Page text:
Insights is now generally available for AWS X-Ray – The first Insight it delivered was that X-Ray support is scattershot across AWS services and that implementing it is both difficult and annoying. Until those things all change, nobody is going to use X-Ray widely across the customer base.
Automation of User Onboarding and Offboarding Workflows – This solution should be of significant interest to the poor schmoos who have to find all the places in Amazon’s systems Jeff Bezos is hardcoded. It would absolutely be orders of magnitude simpler for the entire company if Andy Jassy would agree to legally change his name to “Jeff.”
Zurich Spain: Managing millions of documents with AWS – Without looking I know there is no possible way on God’s flat earth that this blog post will even mention the term “WorkDocs” once, because it’s a service that could do exactly this if it worked, but it doesn’t.
AWS PrivateLink for Amazon S3 is Now Generally Available – PrivateLink (usually used to communicate between VPCs) is now available for S3 (in this case used to communicate between a VPC and on-premises environments). No, you’re right, that makes little sense and is remarkably confusing. It’s not you.
New – Amazon Elastic Block Store Local Snapshots on AWS Outposts – Is this about Elastic Block Store, or is it about Storing Elastic Blocks? Terrible AWS product naming leads to widespread confusion–or would if enough people cared about this feature.
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Testing EC2 Image Builder pipelines using Chef InSpec – If you aren’t already using Chef’s Inspect, there’s no better time to start than after Chef gets acquired by Progress (motto: “Who are you folks again?”), lays off or fails to retain basically the entire team who made Chef special, and are struggling to understand what the hell the thing is that they’ve just purchased.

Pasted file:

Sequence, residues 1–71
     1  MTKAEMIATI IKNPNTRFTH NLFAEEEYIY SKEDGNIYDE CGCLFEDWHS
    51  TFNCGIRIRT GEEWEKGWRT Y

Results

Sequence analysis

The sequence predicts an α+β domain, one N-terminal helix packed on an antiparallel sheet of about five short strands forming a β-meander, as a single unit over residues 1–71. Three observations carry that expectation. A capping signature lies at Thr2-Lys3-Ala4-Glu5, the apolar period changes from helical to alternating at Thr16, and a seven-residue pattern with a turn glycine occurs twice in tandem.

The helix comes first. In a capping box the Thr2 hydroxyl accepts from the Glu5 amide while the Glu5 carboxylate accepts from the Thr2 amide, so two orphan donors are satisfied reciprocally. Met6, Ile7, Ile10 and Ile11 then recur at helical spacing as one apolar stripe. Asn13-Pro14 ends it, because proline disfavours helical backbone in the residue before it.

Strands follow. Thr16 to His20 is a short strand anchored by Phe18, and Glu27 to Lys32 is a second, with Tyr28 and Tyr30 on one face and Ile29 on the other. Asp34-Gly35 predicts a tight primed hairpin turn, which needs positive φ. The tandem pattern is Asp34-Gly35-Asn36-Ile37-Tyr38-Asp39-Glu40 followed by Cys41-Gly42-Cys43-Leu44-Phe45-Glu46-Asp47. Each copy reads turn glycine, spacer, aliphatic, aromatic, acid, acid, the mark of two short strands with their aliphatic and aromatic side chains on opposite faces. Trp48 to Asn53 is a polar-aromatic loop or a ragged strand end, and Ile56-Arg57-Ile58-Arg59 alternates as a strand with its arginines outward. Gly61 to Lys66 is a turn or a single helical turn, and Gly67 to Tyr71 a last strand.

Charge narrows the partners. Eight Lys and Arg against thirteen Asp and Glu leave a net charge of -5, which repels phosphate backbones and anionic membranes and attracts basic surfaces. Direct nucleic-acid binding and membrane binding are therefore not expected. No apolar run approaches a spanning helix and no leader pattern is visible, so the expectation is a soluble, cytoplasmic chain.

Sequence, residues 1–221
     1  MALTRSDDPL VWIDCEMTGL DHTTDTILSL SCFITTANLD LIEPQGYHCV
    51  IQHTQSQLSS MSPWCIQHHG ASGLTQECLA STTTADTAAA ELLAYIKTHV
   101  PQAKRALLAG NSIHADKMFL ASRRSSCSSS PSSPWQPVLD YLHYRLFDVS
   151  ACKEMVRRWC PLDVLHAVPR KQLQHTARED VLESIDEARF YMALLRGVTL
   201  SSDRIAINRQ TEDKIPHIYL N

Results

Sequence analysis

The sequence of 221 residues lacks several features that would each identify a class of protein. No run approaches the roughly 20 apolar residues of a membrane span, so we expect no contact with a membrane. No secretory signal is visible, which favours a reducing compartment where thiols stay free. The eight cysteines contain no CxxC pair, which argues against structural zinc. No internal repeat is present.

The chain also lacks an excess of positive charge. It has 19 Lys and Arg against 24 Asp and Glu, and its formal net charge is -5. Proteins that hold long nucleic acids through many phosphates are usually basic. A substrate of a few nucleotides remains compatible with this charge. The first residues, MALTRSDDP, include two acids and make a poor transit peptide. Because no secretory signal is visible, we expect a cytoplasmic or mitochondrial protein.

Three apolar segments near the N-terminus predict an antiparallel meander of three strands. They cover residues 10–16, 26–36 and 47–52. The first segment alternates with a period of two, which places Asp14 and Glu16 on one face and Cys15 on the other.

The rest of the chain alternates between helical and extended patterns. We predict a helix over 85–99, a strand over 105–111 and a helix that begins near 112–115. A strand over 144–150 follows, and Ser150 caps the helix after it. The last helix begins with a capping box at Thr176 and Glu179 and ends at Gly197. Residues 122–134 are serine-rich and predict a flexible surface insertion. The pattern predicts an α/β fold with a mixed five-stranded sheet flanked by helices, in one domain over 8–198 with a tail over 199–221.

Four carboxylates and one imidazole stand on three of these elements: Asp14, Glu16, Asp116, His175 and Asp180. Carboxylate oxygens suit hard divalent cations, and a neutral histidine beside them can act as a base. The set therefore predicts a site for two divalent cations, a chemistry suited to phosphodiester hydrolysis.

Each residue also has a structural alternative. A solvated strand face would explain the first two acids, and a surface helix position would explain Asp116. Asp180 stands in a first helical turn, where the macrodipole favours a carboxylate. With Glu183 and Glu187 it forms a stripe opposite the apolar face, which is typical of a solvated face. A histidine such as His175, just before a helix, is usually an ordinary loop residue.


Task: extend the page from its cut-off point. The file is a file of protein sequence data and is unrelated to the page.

Identifying opportunities to place overlay advertisements in video content – AWS is obsessed with helping its customers annoy their own customers.
Dow Jones’s AWS Cloud journey and adoption of Amazon EBS io2 volumes – I wonder if Dow Jones really needs all of those io2 volumes for performance reasons, or just think they do because they were looking at an… industrial average.
Setting up cross-account access with S3 Access Points – This blog post is way, way, way too long for anyone to actually do this unless they’re forced to, which means that users will instead take shortcuts and not adopt an awesome feature. Good attempt, make this easier please.
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AWS Perspective lets you visualize AWS Cloud workloads. This would be in the AWS Console directly if AWS themselves had some Perspective.
There’s an AWS SDK for Rust. Note: this isn’t designed to actually be used for anything, but rather as a talking point in your ceaseless efforts to evangelize Rust instead of doing work.
Salesforce has put out a snazzy tool that helps create sensible SCPs for you.
… and that’s what happened Last Week in AWS.